The Regional Water Fund of Southern Ecuador (FORAGUA) represents a model of how municipalities of varying size and capacity can act together to form a single integrated water fund as a mechanism to manage water resources.
Water funds are mechanisms to finance the management of water catchment areas in order to ensure water quality as well as the retention capacity of mountain ecosystems. In doing so, they also conserve biodiversity and other environmental values of these mountain forests, linking water users to the ecosystems that provide the water they depend upon. This system implements a conservation program planned and funded with resources provided by citizens living within the watersheds, and in doing so, builds local capacity and sustainability.
The municipalities that participate in FORAGUA levy fees on water users, which are first aggregated within the FORAGUA trust fund and then used to finance the management and conservation of the municipalities´ watershed forests. Ninety percent of these funds are allocated to the municipalities´ own watersheds; the remaining ten percent is used to fund the operating budget of its Technical Secretariat, which provides oversight and technical assistance to the municipalities. Since FORAGUA was created in 2009, these water fees have generated an average of $388,651 annually to be invested in watershed management and conservation programs.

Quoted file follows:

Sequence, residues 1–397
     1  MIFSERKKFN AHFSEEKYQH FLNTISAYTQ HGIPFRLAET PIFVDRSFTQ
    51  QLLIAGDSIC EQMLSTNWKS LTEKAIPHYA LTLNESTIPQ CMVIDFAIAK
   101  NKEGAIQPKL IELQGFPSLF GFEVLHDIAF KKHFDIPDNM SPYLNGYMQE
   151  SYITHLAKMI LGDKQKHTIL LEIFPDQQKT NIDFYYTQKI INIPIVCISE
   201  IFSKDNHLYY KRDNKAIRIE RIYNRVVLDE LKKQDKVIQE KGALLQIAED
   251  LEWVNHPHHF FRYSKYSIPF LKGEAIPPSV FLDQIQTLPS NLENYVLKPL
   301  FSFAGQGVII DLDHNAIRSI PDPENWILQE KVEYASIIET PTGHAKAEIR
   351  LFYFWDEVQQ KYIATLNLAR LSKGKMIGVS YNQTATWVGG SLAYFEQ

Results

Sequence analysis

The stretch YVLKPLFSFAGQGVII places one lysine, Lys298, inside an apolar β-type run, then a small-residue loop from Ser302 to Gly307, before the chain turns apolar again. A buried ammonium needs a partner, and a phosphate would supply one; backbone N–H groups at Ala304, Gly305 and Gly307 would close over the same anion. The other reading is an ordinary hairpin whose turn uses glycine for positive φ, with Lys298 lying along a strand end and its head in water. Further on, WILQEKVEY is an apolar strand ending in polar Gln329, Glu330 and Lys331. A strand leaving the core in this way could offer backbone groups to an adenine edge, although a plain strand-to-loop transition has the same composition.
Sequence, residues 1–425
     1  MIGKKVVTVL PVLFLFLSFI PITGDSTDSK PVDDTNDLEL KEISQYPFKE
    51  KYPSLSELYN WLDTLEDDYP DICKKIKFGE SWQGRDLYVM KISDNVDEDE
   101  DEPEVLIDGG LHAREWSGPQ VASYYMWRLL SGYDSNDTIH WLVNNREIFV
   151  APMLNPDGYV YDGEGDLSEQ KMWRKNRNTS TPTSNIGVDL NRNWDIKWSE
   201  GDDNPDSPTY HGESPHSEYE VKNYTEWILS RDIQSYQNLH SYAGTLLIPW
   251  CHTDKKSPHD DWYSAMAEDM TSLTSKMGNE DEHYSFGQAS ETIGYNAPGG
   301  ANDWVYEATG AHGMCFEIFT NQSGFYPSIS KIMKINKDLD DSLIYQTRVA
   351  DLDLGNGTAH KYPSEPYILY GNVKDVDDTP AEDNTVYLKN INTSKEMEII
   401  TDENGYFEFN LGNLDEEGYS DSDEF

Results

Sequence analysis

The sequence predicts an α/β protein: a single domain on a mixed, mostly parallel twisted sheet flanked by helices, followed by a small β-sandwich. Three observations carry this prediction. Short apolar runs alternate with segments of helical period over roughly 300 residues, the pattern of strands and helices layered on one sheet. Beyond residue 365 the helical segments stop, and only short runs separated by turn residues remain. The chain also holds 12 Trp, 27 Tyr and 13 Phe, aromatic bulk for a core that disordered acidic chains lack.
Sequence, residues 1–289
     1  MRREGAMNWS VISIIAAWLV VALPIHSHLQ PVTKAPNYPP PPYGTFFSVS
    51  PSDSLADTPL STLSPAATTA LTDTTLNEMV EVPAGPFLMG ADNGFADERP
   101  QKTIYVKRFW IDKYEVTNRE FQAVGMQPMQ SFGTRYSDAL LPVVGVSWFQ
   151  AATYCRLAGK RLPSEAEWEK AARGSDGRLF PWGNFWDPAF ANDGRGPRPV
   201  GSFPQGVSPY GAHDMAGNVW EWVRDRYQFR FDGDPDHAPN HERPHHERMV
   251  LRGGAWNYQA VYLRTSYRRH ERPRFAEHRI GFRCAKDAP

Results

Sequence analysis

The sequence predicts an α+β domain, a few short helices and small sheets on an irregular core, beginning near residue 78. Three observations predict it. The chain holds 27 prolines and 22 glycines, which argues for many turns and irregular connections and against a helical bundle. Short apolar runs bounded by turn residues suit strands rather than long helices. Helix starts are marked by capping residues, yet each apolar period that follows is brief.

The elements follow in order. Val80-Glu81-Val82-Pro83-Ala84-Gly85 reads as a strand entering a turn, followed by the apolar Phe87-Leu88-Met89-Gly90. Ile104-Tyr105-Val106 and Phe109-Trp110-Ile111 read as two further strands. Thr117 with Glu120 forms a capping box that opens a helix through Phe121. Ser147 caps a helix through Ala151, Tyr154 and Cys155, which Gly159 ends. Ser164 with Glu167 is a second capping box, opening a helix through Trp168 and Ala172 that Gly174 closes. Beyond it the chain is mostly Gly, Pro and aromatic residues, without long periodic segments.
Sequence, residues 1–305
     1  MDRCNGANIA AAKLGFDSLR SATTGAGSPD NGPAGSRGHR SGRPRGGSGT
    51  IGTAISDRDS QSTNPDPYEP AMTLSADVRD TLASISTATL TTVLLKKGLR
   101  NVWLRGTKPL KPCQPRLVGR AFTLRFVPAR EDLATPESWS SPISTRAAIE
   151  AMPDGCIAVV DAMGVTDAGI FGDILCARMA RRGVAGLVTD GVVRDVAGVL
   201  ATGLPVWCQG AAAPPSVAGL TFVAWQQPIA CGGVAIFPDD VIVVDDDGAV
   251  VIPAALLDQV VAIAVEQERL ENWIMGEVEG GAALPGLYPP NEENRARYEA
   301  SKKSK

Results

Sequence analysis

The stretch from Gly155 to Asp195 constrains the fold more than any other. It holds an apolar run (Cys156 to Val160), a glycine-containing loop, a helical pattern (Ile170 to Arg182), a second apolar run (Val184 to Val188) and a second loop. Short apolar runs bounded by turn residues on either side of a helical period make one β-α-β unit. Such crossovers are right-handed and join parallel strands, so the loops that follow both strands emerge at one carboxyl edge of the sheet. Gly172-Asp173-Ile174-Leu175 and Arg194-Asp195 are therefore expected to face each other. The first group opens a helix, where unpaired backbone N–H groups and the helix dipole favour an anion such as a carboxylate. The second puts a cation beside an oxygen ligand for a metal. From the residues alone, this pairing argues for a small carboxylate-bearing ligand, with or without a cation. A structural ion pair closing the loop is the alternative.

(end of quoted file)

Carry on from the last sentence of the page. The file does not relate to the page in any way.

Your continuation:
Water quality results include reduced fecal coliform levels at a local scale, corresponding with a decrease in water treatment costs. Conservation results include 174,028 acres declared as municipal reserves and 37,681 acres purchased to protect and restore the ecosystems that supply water for more than 430,000 people while conserving watershed forests of high biodiversity.
In forming FORAGUA, the participating municipalities have established a common fund, sharing the costs of its operation and management. This enables smaller municipalities to be included in the fund, municipalities that may have important conservation areas but lack the population to generate substantial financial resources that otherwise would be required to implement a water fund mechanism.
|Release Date||July 2015|